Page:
long-term GPG signing key

Anne & Lynn Wheeler lynn at garlic.com
Sat Jan 14 14:30:25 EST 2006

Guus Sliepen wrote:
> By default, GPG creates a signing key and an encryption key. The signing
> key is used both for signing other keys (including self-signing your own
> keys), and for signing documents (like emails). However, it is possible
> to "split" the signing key into a master key that you only use to sign
> other keys, and a key dedicated to signing documents. You can revoke the
> latter key and create a new one whenever you want, the master key is
> still valid. Also, when people sign your key, they sign your master key,
> not the subkeys. The signatures you accumulated will also still be
> valid. You can also keep the master key safely tucked away on an old
> laptop that you keep in a safe, and only export the subkeys to your
> workstation. That way the master key is very safe.

as in previous post ... i assert that fundamental digital signature
verification is an authentication operation
http://www.garlic.com/~lynn/aadsm22.htm#5 long-term GPG signing keys

and doesn't (by itself) carry with it characteristics of human
signature, read, understood, approves, agrees, and/or authorizes.

the PKI & CA hiearchical infrastructures does tend to add those
attributes to digital signature operations ... creating an equiivalence
between certification digital signatures (and the private keys that
produce such digital signatures) and the validity of the information
being certified.

if you are starting to create a class of private keys that start to
carry the attribute of whether something is true or not (i.e. the
information being certified) ... then there can start to become some
confusion between the difference between the private key as an
authentication mechanism and the use of the private key as whether
something is true or not.

I would assert that authentication private keys can be treated like a
much better password technology ... not having various of the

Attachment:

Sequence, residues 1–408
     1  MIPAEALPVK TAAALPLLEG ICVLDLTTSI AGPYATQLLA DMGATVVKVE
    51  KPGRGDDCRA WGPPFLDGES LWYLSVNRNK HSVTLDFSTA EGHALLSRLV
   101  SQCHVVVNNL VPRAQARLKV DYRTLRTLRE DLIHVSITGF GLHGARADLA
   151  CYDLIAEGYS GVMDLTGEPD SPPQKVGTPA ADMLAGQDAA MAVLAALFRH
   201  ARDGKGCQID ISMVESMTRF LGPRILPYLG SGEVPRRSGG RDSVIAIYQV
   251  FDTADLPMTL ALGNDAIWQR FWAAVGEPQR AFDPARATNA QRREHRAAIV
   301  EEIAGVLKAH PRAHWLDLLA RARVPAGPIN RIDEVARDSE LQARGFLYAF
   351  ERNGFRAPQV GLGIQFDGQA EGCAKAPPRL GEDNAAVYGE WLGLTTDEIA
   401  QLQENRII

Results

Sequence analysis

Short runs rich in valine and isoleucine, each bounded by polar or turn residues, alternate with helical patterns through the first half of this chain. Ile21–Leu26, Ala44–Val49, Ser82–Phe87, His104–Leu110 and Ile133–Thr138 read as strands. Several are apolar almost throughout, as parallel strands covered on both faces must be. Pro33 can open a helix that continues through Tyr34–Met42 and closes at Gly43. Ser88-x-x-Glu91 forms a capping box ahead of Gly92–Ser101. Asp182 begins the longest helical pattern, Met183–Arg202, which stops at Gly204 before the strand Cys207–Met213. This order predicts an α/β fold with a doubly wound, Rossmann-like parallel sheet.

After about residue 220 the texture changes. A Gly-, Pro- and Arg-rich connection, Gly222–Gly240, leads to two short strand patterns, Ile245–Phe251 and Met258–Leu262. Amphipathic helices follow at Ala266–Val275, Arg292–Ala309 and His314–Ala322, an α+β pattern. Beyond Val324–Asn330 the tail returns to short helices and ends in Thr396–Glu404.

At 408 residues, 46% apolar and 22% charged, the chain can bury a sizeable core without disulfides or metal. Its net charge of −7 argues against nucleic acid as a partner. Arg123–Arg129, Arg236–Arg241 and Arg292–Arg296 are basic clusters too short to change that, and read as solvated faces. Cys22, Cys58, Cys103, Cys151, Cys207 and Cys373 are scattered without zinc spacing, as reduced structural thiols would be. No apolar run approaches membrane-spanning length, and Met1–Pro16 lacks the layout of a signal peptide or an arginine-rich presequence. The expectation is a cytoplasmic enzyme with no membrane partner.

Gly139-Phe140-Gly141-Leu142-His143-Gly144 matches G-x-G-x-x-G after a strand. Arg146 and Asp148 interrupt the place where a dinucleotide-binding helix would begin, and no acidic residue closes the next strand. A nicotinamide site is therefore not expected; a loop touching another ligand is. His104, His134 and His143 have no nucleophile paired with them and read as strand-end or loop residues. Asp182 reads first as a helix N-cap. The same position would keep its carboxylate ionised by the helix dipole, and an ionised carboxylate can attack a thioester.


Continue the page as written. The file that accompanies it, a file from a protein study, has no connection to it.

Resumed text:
shared-secret vulnerabilities and other shortcomings.

it is when you start equating private keys with certification and truth
characteristics that you move into a completely different risk and
threat domain.

the other foray into embellishing private keys and digital signatures
with human signature type characteristics was the non-repudiation
activity. however, it is now commoningly accepted that to embellish
digital signatures with non-repudiation attributes requires a whole lot
of additional business processes ... not the simple operation of
generating an authentication digital signature.

the whole scenario of digital signing of public keys ... is a matter of
the entity performing the digital signing doing an authentication
operation ... but that the entity is certifying the truth of some value
... typically related to the public key. that is a whole business
process infrastructure that has to be layered on top of digital
signatures (in much the same way to actually achieve non-repudiation a
whole business process infrastructure has to be created that is built
above any authentication digital signature).

the other characteristics is that stale, static certification ... paper
or digitally signed electronic bits ... are characteristic of the
offline age ... where an entity could present the certificate
representing the truth of some information; as opposed to the relying
party having their own access to the truth of the same information. in
the transition to an online world, it is becoming less & less coming
that relying parties won't have access to the truth of some piece of
information (making certificates and credentials less and less
meaningful). the corollary is that digitally signed certificates and
private keys embellished with certification and truth characteristics
become less and less meaningful.

The Cryptography Mailing List
Unsubscribe by sending "unsubscribe cryptography" to majordomo at metzdowd.com

More information about the cryptography mailing list